The campus is accepting public comments on the interim policy until Oct 31.

Christ’s focus on free speech heartened Alex Nguyen, a sophomore studying molecular cellular biology. She said she took the issue especially to heart because her parents were born in Vietnam, where criticizing the government could lead to imprisonment.

“I want her to really protect free speech because there’s really high political tensions here,” Nguyen said of the chancellor. “We’re at the university to learn new things and disprove our ideas.”

Source: http://www.latimes.com/local/lanow/la-me-uc-berkeley-chancellor-20170815-story,amp.html

Tuesday, August 15, 2017

Yes, and???

We're waiting for the rest of the message.
Yesterday, UC President Napolitano sent the letter reproduced below in response to the events in Charlottesville. Note, however, that those events involved in part the campus of the University of Virginia. There are already reports of similar events planned for California including the City of Berkeley. There is a good chance that such events could involve UC campuses. Thus, apart from urging goodwill, there need to be law enforcement plans in place involving campus police, local municipal police, and the state. (Governor Brown, who likes to point out that he is "president" of the Regents needs to have contingency plans, if - as in one recent case at UC-Berkeley - campus and local police can't handle whatever situation emerges.) Perhaps a further letter to the UC community about such planning might follow the message below.

==================

To the University of California Community:
 
Over the weekend, our country experienced violent and tragic events on the streets of Charlottesville, Virginia. As the leader of the University of California, an institution dedicated to the vibrant and respectful exchange of ideas, I write to you today to condemn these hateful actions by white supremacists and to reaffirm UC’s values of diversity and inclusion.
 
As I stated over the weekend, UC abhors the violence and hate displayed in Charlottesville that perverted Americans’ right to speak freely. We stand in solidarity with our colleagues at the University of Virginia in denouncing this shameful display and with the UVA students who bravely stood up to a crowd bent on violence. We offer our profound condolences to the family and friends of Heather Heyer, to all the individuals injured in the course of peaceful counterprotests, and to the Virginia state troopers who lost their lives.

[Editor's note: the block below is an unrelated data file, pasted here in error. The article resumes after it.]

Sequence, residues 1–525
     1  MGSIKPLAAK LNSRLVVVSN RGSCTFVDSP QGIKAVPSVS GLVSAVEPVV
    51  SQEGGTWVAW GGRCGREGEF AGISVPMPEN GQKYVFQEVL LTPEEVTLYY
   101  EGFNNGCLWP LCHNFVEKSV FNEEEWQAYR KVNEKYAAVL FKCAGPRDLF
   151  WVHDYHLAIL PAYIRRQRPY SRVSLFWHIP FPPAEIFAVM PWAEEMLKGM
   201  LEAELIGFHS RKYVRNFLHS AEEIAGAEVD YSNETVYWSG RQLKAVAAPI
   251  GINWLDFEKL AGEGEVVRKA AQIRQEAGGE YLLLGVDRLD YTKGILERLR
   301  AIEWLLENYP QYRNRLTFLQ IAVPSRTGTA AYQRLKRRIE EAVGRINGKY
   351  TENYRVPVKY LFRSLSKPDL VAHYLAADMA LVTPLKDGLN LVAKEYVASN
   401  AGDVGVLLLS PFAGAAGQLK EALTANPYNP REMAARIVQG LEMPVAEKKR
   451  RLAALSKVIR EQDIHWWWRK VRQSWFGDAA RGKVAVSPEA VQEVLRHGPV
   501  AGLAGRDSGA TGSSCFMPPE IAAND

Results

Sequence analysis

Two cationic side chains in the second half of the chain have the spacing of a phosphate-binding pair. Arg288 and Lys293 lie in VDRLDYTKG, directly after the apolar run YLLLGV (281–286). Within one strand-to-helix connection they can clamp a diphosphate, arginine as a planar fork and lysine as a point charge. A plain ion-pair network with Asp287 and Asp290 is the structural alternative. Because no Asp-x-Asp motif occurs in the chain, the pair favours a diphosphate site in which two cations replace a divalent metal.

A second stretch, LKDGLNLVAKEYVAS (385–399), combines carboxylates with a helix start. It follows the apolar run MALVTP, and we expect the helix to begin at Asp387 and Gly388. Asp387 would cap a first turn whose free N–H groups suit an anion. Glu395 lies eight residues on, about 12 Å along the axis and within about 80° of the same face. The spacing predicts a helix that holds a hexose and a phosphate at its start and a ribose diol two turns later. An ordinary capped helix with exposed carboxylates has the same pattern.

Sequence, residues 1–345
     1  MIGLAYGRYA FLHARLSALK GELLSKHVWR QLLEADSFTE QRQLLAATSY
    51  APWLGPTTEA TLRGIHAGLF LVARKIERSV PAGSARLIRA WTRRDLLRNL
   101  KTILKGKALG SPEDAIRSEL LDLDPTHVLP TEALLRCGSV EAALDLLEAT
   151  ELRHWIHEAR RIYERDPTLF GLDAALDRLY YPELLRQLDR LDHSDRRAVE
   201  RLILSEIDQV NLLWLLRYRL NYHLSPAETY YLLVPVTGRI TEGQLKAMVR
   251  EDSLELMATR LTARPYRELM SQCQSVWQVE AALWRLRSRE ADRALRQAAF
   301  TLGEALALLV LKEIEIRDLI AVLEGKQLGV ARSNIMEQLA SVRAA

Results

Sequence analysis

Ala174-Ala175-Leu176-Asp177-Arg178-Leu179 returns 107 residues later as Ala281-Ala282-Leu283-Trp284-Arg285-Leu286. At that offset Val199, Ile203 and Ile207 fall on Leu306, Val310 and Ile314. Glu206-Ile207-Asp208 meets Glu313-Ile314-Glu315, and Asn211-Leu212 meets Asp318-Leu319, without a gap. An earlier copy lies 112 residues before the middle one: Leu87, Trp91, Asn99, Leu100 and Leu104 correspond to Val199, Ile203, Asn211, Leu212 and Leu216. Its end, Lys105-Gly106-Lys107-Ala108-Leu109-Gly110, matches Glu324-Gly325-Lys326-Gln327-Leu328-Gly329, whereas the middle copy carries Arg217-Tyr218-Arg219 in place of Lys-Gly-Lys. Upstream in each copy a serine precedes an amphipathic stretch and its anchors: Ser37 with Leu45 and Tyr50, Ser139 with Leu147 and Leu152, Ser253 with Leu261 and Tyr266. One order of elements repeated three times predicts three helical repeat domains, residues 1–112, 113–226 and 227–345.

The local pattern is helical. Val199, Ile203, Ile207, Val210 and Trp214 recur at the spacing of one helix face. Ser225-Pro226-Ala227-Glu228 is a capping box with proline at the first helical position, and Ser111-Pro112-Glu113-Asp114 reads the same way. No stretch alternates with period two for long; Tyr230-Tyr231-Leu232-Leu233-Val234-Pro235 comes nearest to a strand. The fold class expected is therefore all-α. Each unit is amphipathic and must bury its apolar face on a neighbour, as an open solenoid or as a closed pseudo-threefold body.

The First Amendment of the U.S. Constitution grants us all freedom of expression. University campuses in particular are meant to foster an exchange of ideas, and to teach students how to respectfully approach viewpoints different from their own — even when those viewpoints are offensive and hurtful. But the acts of domestic terrorism we saw in Charlottesville represented an assault on our cherished values of diversity, inclusiveness and tolerance. We must continue to speak and act against the shameful behavior we witnessed over the weekend and ensure that our colleges and universities, and our nation as a whole, remain safe and civil for all.
 
Diversity is a defining feature of the University of California and we embrace it as a necessary and valued part of our campus communities. I believe, as I know you do, that our differences — in race, ethnicity, gender, religion, sexual orientation, gender identity, age, socioeconomic status, abilities, experience and more — make us stronger.
 
UC remains committed to providing a safe, supportive, responsive and equitable environment for every member of the university community. We reject all forms of discrimination, commit to fostering an atmosphere of respect and inclusion, and pledge to defend the right to free speech.
 
This summer and fall, as UC students, faculty and staff return to their campuses, I ask that we all recommit to these enduring values of diversity, equity and inclusion, and work to live up to these ideals in all that we do. 
 
Yours very truly,
Janet Napolitano
President

=============
Check out the link below which deals with the U of Virginia which had no contingency plan, and what happened:
http://www.chronicle.com/article/Beyond-a-President-s-Worst/240914

Monday, August 14, 2017

From the UC President

Given the makeup of Congress and the president...
Janet Napolitano: Congress has the power — and the responsibility — to protect the ‘dreamers’

By Janet Napolitano, August 11, 2017, Washington Post

...the likelihood that this suggestion will be heeded is likely
 close to zero, despite some bipartisan support.